I loved reading this novel, even though a problem emerged towards the end of it (which I’ll get to later.) Who wouldn’t love a story about a young girl (Willa is 18 years old) who discovers a love for medicine and her life’s calling after meeting another woman doctor who believes in her?
Poor Willa MacCarthy inhabits a devout Catholic household in which she has to contend with four older brothers and two parents bent on sending her to Convent Prison (in which she will have to remain silent for ten hours a day).
Why does a brilliant, feisty young woman even consider this form of death? Because she holds a terrible secret that gnaws at her every day of her life. Going to convent would make reparations. Or at least, so she thinks.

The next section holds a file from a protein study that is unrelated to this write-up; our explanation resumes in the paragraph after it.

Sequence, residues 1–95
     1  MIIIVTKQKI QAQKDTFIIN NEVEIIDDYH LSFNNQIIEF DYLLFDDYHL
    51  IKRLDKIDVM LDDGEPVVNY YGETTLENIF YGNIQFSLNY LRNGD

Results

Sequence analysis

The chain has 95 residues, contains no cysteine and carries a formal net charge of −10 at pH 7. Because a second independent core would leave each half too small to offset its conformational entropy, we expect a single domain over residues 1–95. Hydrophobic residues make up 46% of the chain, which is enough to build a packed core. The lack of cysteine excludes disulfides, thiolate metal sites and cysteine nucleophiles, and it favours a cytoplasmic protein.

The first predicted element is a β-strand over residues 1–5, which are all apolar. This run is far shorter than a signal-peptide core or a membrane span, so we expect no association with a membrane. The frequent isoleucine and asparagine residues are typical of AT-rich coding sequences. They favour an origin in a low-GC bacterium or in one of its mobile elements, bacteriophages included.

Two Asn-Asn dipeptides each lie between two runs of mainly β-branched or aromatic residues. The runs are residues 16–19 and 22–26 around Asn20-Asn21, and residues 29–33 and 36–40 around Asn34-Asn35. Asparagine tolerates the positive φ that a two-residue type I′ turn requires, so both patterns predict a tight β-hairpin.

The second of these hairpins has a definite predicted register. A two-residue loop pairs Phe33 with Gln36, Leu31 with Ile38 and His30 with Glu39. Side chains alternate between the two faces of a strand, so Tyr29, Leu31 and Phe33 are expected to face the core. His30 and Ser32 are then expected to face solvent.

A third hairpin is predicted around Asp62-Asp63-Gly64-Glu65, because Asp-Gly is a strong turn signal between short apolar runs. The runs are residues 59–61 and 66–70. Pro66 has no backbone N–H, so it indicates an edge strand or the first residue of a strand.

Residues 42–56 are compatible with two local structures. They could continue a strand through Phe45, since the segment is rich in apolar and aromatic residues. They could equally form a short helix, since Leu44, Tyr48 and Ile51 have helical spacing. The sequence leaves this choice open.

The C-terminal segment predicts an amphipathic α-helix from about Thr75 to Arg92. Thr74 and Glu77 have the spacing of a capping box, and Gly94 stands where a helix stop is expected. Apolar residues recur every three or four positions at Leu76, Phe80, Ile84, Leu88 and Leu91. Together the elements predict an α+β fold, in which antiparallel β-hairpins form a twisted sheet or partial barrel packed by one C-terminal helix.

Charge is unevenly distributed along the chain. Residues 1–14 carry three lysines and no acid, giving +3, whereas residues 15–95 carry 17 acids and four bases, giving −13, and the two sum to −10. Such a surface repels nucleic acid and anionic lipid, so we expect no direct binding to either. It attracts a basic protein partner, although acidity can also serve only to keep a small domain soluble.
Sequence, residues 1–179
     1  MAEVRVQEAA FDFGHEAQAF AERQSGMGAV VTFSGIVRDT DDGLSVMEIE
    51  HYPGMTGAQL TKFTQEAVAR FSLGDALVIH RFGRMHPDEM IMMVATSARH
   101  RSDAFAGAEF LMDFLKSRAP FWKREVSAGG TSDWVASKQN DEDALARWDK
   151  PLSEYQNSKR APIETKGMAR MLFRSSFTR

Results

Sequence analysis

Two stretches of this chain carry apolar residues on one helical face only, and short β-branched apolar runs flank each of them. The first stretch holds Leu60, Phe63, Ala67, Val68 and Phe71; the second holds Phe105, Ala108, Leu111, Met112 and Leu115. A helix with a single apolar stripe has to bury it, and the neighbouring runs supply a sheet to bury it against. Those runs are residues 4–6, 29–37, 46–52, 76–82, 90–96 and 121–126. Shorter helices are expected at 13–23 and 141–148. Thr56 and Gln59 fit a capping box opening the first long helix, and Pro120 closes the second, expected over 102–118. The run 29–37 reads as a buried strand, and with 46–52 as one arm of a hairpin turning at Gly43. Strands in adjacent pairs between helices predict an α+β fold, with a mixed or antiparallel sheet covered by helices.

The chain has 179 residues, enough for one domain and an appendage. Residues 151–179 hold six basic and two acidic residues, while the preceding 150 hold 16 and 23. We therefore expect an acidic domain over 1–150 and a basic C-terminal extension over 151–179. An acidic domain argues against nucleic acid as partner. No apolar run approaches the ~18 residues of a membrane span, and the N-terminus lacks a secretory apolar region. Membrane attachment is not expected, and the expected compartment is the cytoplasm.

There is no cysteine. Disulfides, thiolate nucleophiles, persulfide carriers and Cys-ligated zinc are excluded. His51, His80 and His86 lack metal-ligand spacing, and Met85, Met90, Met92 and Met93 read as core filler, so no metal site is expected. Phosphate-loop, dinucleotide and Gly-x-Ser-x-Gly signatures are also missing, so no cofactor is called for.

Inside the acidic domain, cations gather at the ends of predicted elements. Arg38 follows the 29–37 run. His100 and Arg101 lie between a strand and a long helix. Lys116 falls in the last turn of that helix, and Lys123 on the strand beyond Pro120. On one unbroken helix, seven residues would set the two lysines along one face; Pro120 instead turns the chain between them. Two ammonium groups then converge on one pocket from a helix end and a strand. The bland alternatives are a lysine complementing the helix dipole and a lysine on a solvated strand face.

And so author Amy Trueblood sweeps us up into a large Irish Catholic family, living in San Francisco in 1936 (just when the Golden Gate Bridge was being constructed) with their love, their warmth, their secrets. Her characters jump off the page, and she situates you in that era of San Francisco’s history with her telling details.
So what is the problem?
It occurs towards the end of the novel. By this time it is blindingly clear what is going to happen. But Ms. Trueblood is not confident enough in her audience to appreciate this. The consequence is that the material becomes unnecessarily repetitive, which spoils an otherwise wonderful novel. Four Stars.